MELTING TROPICS –KIRIBATI AND THE MARSHALL ISLANDS ON THE FRONT LINE OF GLOBAL CLIMATE CHANGE
—KIRIBATI AND THE MARSHALL ISLANDS ON THE FRONT LINE OF GLOBAL CLIMATE CHANGE
“Climate change isn’t an environmental issue, nor is it a question of economic growth.
It’s about survival for humanity as a whole.”
In January 2014, I traveled to coral atolls in the heart of the Pacific Ocean to better understand a pressing environmental concern. People in the Republic of Kiribati and the Marshall Islands must contend with the threat that their land might soon be submerged due to rising sea levels, which would force these island nations to evacuate their entire population by 2030.
This grave ecological crisis stands in stark contrast to the I-Kiribati people’s undisturbed way of life and idyllic landscapes. In a cruel twist of fate, these far-flung countries with quasi-undetectable ecological footprints have become the first victims of climate change.
This expedition radically transformed my outlook on environmental issues. I met with Mr. Anote Tong, the President of Kiribati, who likens the market economy’s exploitation of natural resources to an insidious form of eco-terrorism. He sees climate change as a serious threat to national security that will irrevocably wipe his country off the map.
While some still raise doubts about the role human activity played in tragedies such as the Philippines’ devastating typhoon or Pakistan’s monster floods a few years ago, the correlation between rising sea levels and melting ice has been proven beyond the shadow of a doubt.
“At a United Nations Security Council meeting I attended, everyone was discussing the problems of terrorism. I then took to the floor, saying that while we all agreed that terrorism is a complex and difficult situation, my country’s citizens are all currently victims of eco-terrorism. I then asked why we weren’t getting more attention.”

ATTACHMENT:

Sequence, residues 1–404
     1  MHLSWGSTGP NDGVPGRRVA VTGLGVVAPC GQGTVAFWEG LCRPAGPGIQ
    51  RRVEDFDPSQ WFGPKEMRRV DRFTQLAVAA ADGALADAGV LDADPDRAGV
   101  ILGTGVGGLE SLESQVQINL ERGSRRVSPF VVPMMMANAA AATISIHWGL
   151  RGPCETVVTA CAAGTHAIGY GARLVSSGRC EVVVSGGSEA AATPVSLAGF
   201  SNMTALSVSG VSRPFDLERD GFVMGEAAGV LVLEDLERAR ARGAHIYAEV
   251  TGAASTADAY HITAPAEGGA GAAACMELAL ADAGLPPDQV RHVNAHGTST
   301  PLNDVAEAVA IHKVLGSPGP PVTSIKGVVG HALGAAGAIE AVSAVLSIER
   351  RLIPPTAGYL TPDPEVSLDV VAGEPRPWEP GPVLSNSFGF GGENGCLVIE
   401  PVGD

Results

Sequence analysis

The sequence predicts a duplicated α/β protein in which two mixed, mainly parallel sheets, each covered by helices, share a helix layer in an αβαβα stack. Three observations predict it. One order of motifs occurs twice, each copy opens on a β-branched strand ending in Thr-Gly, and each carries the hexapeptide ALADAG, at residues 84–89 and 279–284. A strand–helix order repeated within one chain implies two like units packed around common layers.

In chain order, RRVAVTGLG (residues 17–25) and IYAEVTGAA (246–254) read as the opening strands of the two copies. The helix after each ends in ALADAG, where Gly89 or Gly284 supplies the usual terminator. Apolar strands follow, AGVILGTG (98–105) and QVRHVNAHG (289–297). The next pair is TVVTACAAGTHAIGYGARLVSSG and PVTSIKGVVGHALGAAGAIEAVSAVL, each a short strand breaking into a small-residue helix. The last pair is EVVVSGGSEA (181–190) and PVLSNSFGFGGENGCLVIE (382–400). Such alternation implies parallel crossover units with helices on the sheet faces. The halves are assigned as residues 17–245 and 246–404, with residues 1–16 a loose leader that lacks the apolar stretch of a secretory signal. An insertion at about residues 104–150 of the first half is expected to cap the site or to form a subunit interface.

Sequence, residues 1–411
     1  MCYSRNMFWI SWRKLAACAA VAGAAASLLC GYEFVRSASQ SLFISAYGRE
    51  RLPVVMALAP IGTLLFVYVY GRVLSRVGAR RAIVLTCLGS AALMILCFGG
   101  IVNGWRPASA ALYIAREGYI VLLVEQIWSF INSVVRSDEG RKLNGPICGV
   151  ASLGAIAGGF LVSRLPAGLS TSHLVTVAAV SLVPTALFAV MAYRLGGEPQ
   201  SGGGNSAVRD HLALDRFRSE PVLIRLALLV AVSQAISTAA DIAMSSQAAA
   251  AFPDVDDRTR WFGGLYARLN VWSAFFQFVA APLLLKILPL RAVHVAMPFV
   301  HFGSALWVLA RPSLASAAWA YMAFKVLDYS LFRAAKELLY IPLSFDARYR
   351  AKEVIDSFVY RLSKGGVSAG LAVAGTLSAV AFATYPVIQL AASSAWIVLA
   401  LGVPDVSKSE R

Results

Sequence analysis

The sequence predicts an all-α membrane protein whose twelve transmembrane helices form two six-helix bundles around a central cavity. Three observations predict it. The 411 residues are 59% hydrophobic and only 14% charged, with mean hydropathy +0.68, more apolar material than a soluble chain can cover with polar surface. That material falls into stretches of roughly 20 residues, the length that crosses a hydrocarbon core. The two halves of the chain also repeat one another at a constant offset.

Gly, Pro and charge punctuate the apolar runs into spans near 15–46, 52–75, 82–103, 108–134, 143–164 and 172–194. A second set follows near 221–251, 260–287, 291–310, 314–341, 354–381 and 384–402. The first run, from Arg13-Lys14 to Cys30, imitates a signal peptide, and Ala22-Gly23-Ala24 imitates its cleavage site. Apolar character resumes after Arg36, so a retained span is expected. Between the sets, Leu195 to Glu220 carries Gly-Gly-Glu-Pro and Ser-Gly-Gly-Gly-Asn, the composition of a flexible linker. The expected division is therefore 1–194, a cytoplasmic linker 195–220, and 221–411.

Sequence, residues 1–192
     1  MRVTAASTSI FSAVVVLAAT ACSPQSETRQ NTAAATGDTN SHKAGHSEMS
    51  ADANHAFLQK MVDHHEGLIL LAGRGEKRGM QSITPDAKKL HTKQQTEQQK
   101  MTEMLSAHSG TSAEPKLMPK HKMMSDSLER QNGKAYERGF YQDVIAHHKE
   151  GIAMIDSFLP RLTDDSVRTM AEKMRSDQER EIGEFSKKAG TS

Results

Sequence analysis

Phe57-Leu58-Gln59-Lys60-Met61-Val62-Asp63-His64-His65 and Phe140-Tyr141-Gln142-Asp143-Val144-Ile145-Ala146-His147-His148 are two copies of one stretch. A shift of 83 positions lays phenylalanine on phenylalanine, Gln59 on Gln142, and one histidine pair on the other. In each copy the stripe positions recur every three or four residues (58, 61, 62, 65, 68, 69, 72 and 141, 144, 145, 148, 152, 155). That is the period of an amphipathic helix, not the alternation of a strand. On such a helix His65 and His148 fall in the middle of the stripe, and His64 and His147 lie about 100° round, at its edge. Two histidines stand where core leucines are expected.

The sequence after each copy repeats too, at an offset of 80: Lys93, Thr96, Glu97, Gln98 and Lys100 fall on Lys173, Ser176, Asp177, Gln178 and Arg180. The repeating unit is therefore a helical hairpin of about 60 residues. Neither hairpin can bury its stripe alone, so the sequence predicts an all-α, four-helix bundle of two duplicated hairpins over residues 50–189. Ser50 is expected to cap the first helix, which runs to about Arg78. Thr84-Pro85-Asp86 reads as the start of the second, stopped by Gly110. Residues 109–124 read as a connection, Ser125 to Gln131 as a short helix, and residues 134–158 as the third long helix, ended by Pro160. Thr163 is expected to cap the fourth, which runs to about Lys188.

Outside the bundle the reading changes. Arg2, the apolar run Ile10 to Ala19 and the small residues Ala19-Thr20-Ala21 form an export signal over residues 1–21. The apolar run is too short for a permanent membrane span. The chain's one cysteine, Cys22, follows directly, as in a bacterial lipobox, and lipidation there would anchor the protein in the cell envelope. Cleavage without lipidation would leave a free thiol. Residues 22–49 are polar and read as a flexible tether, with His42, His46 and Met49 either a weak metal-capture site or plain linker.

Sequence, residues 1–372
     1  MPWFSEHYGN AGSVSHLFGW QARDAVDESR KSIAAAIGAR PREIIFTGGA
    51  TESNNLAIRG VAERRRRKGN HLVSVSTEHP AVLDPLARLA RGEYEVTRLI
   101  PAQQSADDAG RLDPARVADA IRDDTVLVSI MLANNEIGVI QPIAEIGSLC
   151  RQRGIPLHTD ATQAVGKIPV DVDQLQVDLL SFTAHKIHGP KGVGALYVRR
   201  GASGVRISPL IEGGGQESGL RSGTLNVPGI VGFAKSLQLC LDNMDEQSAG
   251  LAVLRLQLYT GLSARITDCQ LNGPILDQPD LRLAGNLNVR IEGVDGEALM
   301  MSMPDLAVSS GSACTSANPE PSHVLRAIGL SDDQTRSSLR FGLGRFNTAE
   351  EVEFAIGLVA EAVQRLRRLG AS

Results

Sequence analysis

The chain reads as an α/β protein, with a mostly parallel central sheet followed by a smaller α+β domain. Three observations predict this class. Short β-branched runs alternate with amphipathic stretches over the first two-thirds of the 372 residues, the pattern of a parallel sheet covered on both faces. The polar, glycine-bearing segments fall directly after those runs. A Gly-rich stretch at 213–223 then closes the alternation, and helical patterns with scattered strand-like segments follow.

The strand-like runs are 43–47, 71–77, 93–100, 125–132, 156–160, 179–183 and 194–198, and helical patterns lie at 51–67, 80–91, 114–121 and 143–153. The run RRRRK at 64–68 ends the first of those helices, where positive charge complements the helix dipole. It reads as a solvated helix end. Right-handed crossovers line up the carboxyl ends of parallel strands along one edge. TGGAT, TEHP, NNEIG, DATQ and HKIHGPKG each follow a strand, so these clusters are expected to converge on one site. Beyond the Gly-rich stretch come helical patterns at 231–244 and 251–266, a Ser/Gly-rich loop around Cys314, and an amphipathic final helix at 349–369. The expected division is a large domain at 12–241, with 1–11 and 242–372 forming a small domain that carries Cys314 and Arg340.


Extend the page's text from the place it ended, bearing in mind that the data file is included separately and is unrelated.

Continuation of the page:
—Anote Tong, January 24th, 2014
For now, the Republic of Kiribati and the Marshall Islands—which count only around 167,000 people—are standing on the front lines of global climate change. But what about the future of other major coastal cities around the world?
New York, Mumbai, Tokyo or even Shanghai could be the next affected metropolises among the planet’s 136 major coastal cities, which account for tens of millions of people. While Anote Tong and his government are hard at work securing land in Fiji to ensure a safe relocation of the I-Kiribati, the ties that bind a people to its land can’t so easily be packed up and shipped off.
“Sinking island states” present one of the most dramatic scenarios of the impact of climate change. There is no precedent for the loss of an entire territory or the exile of an entire population.
The first cases of climate change refugees are being brought before international tribunals. Unlike those who’ve been displaced due to war or famine, climate change refugees will clearly never be afforded the chance to return to their homeland.
65.6 million people forced to flee around the world because of conflict and persecution, these are the 2016 figures released by the Office of the United Nations High Commissioner for Refugees (UNHCR).
But if nothing drastically changes in mankind’s relation with the planet, the 22nd century might be remembered for introducing the disheartening notion of climate change refugees with no hope of return.